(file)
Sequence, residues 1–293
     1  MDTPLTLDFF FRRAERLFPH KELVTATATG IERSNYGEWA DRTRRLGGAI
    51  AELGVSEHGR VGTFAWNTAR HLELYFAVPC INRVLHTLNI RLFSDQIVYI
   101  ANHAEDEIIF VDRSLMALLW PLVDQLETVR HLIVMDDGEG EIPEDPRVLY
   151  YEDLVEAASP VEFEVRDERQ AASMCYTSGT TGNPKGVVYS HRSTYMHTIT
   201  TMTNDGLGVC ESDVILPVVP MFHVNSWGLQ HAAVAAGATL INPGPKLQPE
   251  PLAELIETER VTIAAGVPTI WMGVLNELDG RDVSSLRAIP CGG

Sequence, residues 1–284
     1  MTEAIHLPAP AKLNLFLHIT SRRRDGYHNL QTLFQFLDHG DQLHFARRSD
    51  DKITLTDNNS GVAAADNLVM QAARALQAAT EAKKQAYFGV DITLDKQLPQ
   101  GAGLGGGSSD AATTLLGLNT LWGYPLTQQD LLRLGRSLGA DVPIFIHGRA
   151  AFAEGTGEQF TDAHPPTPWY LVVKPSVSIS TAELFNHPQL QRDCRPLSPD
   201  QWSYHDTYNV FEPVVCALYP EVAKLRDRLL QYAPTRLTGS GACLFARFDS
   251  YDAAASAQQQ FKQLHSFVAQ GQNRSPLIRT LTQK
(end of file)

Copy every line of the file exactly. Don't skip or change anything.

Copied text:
Sequence, residues 1–293
     1  MDTPLTLDFF FRRAERLFPH KELVTATATG IERSNYGEWA DRTRRLGGAI
    51  AELGVSEHGR VGTFAWNTAR HLELYFAVPC INRVLHTLNI RLFSDQIVYI
   101  ANHAEDEIIF VDRSLMALLW PLVDQLETVR HLIVMDDGEG EIPEDPRVLY
   151  YEDLVEAASP VEFEVRDERQ AASMCYTSGT TGNPKGVVYS HRSTYMHTIT
   201  TMTNDGLGVC ESDVILPVVP MFHVNSWGLQ HAAVAAGATL INPGPKLQPE
   251  PLAELIETER VTIAAGVPTI WMGVLNELDG RDVSSLRAIP CGG

Sequence, residues 1–284
     1  MTEAIHLPAP AKLNLFLHIT SRRRDGYHNL QTLFQFLDHG DQLHFARRSD
    51  DKITLTDNNS GVAAADNLVM QAARALQAAT EAKKQAYFGV DITLDKQLPQ
   101  GAGLGGGSSD AATTLLGLNT LWGYPLTQQD LLRLGRSLGA DVPIFIHGRA
   151  AFAEGTGEQF TDAHPPTPWY LVVKPSVSIS TAELFNHPQL QRDCRPLSPD
   201  QWSYHDTYNV FEPVVCALYP EVAKLRDRLL QYAPTRLTGS GACLFARFDS
   251  YDAAASAQQQ FKQLHSFVAQ GQNRSPLIRT LTQK